The altos, tenors, and basses of the choir sing a varied, rhythmically active complementary part that mimics the Chorale melody’s downward and upward contours. We observe the violas (in this cantata Bach wrote two viola parts, a very old-fashioned way of using the orchestra that he would later abandon) playing along with the altos and tenors of the chorus, a technique called colla parte.
The first and second violins, though, have a repeated, imitative motive that gives the opening section its rhythmic drive.
Perhaps Bach wanted to impress his potential employers (remember, in theory, this is a job application), and so in the second line of Chorale text he abruptly shifts to a very modern way of composing, one that uses an interesting motif that is connected to the text itself: Er ist wieder erstanden (He has been raised), an Easter text. The motive, first in the tenor voice, descends, and then quickly reaches upward, depicting the resurrection.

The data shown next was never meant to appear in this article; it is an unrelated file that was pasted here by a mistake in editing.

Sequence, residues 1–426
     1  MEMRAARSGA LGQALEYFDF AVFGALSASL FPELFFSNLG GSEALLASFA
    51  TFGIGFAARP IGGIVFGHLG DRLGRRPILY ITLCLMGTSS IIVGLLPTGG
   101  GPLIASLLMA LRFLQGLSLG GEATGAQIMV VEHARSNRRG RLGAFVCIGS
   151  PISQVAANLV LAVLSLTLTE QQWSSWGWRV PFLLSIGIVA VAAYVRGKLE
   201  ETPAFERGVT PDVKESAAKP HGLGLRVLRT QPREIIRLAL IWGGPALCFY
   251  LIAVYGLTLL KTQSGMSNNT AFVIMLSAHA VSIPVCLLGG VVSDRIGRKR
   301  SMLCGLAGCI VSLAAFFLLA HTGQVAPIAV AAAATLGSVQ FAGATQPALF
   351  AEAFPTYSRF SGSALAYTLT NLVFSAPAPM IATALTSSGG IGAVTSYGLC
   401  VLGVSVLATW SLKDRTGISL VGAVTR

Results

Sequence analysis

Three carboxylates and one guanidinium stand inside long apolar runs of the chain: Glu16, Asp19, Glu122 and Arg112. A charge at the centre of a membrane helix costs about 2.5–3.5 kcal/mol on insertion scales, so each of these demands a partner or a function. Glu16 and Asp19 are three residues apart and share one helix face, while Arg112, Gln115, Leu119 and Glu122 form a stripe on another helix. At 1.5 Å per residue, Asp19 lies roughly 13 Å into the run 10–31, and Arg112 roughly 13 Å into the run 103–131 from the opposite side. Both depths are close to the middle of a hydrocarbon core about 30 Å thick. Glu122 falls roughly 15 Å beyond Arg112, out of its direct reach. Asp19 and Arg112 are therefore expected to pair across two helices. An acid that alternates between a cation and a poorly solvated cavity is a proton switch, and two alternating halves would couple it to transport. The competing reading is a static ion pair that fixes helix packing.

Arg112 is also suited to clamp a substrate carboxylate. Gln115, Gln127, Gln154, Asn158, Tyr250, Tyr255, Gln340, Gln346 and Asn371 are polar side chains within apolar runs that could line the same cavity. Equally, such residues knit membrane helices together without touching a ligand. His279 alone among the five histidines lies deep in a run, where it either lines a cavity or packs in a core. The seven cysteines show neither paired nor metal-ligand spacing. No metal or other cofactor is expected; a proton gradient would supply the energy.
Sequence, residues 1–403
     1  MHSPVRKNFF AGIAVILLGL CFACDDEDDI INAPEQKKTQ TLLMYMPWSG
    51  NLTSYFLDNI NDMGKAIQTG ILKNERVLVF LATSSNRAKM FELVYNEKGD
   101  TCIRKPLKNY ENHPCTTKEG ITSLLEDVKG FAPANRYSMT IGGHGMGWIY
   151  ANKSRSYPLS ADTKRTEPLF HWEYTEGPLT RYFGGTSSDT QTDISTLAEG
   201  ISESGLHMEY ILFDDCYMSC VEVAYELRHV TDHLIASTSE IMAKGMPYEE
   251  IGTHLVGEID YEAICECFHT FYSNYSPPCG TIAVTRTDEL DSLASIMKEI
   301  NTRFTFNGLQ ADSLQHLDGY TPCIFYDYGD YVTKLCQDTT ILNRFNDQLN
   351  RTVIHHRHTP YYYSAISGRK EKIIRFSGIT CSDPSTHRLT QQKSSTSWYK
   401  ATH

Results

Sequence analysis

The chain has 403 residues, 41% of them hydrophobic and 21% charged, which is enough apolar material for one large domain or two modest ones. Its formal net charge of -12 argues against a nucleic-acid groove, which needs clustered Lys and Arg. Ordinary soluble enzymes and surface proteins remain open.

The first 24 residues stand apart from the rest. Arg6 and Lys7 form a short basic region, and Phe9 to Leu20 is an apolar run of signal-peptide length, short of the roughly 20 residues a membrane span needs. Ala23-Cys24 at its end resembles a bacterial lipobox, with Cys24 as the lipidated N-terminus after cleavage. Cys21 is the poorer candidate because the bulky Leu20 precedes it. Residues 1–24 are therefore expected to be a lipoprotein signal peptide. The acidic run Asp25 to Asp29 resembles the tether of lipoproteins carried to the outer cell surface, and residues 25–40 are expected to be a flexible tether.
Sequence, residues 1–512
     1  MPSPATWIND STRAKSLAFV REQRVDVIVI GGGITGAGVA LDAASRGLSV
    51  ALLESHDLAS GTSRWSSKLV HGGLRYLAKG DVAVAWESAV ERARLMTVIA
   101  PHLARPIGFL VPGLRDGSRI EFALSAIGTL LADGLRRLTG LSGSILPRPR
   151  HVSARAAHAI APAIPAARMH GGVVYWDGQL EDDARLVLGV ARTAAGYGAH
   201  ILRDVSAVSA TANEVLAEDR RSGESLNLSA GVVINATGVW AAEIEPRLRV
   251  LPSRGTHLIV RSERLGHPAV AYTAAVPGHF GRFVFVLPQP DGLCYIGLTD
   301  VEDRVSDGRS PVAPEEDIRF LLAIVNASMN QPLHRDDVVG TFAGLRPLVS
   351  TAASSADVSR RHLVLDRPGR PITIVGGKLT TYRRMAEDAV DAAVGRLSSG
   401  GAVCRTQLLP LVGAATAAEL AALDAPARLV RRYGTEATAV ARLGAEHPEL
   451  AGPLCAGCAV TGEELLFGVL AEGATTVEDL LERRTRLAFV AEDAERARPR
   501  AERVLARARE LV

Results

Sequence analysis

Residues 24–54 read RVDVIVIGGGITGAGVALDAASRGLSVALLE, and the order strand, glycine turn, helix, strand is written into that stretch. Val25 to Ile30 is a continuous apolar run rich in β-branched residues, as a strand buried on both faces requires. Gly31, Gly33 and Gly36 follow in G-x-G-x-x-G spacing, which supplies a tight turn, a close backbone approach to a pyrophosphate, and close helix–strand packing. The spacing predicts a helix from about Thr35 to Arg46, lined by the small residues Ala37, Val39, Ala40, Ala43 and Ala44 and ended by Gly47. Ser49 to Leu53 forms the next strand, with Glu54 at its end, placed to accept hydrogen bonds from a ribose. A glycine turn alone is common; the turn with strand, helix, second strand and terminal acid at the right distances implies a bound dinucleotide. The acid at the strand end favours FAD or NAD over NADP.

The basses and altos sing in imitation, but in turn they also will sing this Easter motive. The sopranos, in a range hovering above everyone else, bring back the Chorale melody, again in long held notes (so that it would be easy to recognize).
Since this is a long movement, and we’ve already covered a lot of ground, let’s pause and have a listen to the beginning of this opening chorus of the cantata.